Tomorrow we observe the 75th anniversary of D-Day, the beginning of Operation Overlord, in which the armies of the United States, Great Britain and Canada landed on the beaches of Normandy in France and began to free France, Belgium, Holland, Luxembourg and Holocaust survivors across Europe from Nazi tyranny. It was a long, difficult, painful and very costly effort, but we know it happened and we know it succeeded. Hitler committed suicide on April 30, 1945, and the Third Reich surrendered on May 8, 1945.
There will be appropriate ceremonies tomorrow, attended by the appropriate presidents and prime ministers, who will say and do the appropriate things. I could cite various statistics which would make the massive event more real, but instead I will use counterfactualism and suggest the best way to explain the importance of Operation Overlord is to imagine it never happened or that it did happen and failed. The British On-line Dictionary defines counterfactualism as “expressing what has not happened but could, would, or might under differing conditions.”
Several years ago, HBO aired a made-for-TV movie called “Fatherland.” It was based on a novel by the same title by Robert Harris. The time was April 1964 and the occasion was Hitler’s 75th birthday. Joseph P. Kennedy Sr. was president of the United States and was arriving in Berlin for a state visit. The D-Day invasion had occurred but failed, and a disgraced Churchill had been forced into exile in Canada.
The war between the United States and Japan in the Pacific had run its course much like it actually did and ended with an American victory. The United States had withdrawn from Europe to concentrate on its war with Japan, thereby leaving Germany able to concentrate on its war with the Soviet Union which was still underway. The Holocaust had not yet been discovered, but word about it was leaking out. The story is loaded with the dreary dystopianism of a Nazi totalitarian police state.
Another counterfactual novel presents an even worse scenario. “The Man in the High Castle” is an Amazon Prime television series based on the novel by Philip K. Dick. World War II ended in 1947 with victory by the Axis powers. President Roosevelt was assassinated, Germany dropped an atomic bomb on Washington, D.C., and the United States was divided into two large and one small occupation zones. The eastern is called the Nazi American Reich, the western the Japanese Pacific States, and a smaller buffer zone lies between them.
Their German and Japanese masters display the same respect for the human dignity of their American captives that their predecessors displayed at Bataan, Auschwitz and elsewhere. The “Final Solution” proceeds until all Jewish and noncompliant people are exterminated; then they turn to the next group of undesirables, and so forth.
My purpose here is not to advertise dystopian novels, but to make the point that this is not far-fetched science fiction. This could have happened. The Allied powers did not win because their victory was assured or predestined.
The D-Day landings did not have to happen. Germany had not attacked America. As Lincoln said, “One war at a time.” Neither did they have to succeed. But they did happen and they did succeed. Why?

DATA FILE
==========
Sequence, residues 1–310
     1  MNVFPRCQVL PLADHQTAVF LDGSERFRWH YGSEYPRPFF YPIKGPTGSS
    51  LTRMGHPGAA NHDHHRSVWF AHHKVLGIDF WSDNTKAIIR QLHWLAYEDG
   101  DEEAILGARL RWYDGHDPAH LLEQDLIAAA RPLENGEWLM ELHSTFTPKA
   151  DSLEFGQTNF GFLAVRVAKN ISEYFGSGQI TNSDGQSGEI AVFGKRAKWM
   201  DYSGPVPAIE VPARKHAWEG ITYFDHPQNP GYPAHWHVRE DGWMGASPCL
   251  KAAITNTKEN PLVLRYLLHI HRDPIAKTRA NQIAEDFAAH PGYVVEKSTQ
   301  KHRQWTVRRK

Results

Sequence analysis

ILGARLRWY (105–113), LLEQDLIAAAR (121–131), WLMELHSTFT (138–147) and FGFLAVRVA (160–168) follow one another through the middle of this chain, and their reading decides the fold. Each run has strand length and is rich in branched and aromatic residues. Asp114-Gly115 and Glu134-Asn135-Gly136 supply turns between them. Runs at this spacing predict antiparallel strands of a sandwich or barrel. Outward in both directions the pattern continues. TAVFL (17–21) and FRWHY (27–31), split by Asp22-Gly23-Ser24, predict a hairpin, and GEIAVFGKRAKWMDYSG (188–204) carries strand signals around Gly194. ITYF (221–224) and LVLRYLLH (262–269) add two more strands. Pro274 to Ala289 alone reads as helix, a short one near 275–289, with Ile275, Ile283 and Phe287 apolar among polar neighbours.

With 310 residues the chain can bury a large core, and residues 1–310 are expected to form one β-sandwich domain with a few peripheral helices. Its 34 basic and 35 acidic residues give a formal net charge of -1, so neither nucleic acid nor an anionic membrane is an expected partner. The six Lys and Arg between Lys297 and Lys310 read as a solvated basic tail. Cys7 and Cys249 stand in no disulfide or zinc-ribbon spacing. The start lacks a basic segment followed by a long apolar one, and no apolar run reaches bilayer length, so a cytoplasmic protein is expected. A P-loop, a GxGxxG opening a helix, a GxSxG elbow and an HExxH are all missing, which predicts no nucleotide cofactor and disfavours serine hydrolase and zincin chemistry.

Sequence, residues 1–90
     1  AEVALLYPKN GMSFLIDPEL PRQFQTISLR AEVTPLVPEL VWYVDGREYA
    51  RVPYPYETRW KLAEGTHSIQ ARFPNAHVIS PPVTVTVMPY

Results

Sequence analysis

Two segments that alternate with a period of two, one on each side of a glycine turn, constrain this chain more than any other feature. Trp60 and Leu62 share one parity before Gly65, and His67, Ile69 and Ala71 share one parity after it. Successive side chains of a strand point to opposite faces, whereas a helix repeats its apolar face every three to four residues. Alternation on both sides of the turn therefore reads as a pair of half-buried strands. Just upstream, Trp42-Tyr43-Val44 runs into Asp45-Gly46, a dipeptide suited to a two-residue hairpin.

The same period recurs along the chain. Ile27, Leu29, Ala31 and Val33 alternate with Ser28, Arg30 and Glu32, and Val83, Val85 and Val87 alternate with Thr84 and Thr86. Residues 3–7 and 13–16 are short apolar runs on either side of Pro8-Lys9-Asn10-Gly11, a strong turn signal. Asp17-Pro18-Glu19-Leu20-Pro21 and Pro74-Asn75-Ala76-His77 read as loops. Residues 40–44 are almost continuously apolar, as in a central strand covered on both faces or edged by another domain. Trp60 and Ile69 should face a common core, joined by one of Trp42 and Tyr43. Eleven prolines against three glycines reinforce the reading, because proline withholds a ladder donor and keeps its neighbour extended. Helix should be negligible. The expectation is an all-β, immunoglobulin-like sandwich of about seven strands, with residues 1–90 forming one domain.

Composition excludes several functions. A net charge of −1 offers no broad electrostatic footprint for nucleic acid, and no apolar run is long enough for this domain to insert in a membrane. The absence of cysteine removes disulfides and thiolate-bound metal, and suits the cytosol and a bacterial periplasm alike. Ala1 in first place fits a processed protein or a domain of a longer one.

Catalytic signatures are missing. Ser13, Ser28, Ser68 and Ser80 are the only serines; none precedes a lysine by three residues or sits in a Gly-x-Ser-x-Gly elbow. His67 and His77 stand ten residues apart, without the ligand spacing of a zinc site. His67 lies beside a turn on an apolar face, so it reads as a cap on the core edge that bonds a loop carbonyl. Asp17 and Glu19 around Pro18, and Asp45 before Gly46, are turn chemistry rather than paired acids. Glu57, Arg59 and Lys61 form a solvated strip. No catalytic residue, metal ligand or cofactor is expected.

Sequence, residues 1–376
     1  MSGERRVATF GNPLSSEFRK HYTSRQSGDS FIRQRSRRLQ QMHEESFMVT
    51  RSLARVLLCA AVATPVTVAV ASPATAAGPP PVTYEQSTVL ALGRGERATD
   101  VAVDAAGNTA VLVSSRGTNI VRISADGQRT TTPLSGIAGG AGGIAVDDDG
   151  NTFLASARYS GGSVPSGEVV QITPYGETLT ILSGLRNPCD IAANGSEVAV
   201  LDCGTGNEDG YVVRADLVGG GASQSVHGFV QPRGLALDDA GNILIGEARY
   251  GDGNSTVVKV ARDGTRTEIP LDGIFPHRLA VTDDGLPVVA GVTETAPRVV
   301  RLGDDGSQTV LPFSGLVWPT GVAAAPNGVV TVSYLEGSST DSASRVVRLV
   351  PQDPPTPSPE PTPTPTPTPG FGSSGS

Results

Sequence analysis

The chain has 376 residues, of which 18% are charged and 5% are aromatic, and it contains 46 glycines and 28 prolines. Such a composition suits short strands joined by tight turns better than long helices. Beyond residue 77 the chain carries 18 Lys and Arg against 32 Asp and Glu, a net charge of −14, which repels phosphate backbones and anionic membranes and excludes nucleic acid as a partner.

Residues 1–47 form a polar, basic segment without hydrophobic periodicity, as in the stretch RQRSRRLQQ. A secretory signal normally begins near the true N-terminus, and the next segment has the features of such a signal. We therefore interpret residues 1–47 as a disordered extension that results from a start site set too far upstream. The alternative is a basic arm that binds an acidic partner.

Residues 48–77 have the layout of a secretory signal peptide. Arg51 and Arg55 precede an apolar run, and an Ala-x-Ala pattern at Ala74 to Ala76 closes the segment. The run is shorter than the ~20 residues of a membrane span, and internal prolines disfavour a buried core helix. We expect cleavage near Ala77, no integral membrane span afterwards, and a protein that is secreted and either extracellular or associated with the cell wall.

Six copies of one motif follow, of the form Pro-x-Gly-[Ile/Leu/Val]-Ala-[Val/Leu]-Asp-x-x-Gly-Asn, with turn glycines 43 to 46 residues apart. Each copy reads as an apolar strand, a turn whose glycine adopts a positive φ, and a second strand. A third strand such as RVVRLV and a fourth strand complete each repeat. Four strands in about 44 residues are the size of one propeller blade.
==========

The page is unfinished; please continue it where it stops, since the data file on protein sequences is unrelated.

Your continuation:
I believe five factors answer this question. First, mistakes by the Axis powers. The Japanese decision to attack Pearl Harbor, Hitler’s decisions to invade the Soviet Union and declare war on the United States, plus other serious mistakes, sealed their doom. Second, our vast resources of men and materiel enabled us to become the “arsenal of democracy” and fight a three-front war successfully.
Third, the grit and determination of the people who did it, including the British and their Commonwealth, from the lowest to highest. The leadership had been trained in World War I and had no delusions about war: Churchill, Roosevelt, Truman, Marshall, MacArthur, Eisenhower, Patton, Bradley, Nimitz, etc. Add the thousands who died and were wounded and maimed, those Tom Brokaw rightly called “the Greatest Generation.” Spending time on the American Battle Monuments Commission website (www.abmc.gov) helps convey the magnitude of their sacrifice.
Fourth, our values. Americans don’t fight and die for a Reich or a Fuehrer, for “lebensraum,” for an Emperor or to wipe out whole races of people. They fight and die for the values proclaimed in the Declaration of Independence: they want to live free and govern themselves, and they want others to enjoy the same.
Fifth, the favor of Divine Providence. On June 28, 1787, in the Constitutional Convention Benjamin Franklin said: “I have lived … a long time and the longer I live, the more convincing proofs I see of this truth – that God governs in the affairs of men. … We have been assured … in the sacred writings that ‘except the Lord build they labor in vain that build it.’ I firmly believe this; and I also believe that without his concurring aid we shall succeed in this political building no better than the Builders of Babel …” Franklin was right. Our cause was just and our effort was blessed. Operation Overlord succeeded and, with the help of the Soviet Union in the east, the Third Reich was wiped off the face of the earth.
Winfield H. Rose taught political science at Murray State University for 39 years and is now retired. He is active in the Calloway County GOP, but speaks here as an individual and not as a representative of either of these organizations.
Editor’s Note: Opinions expressed do not necessarily reflect the editorial opinion of the Murray Ledger & Times.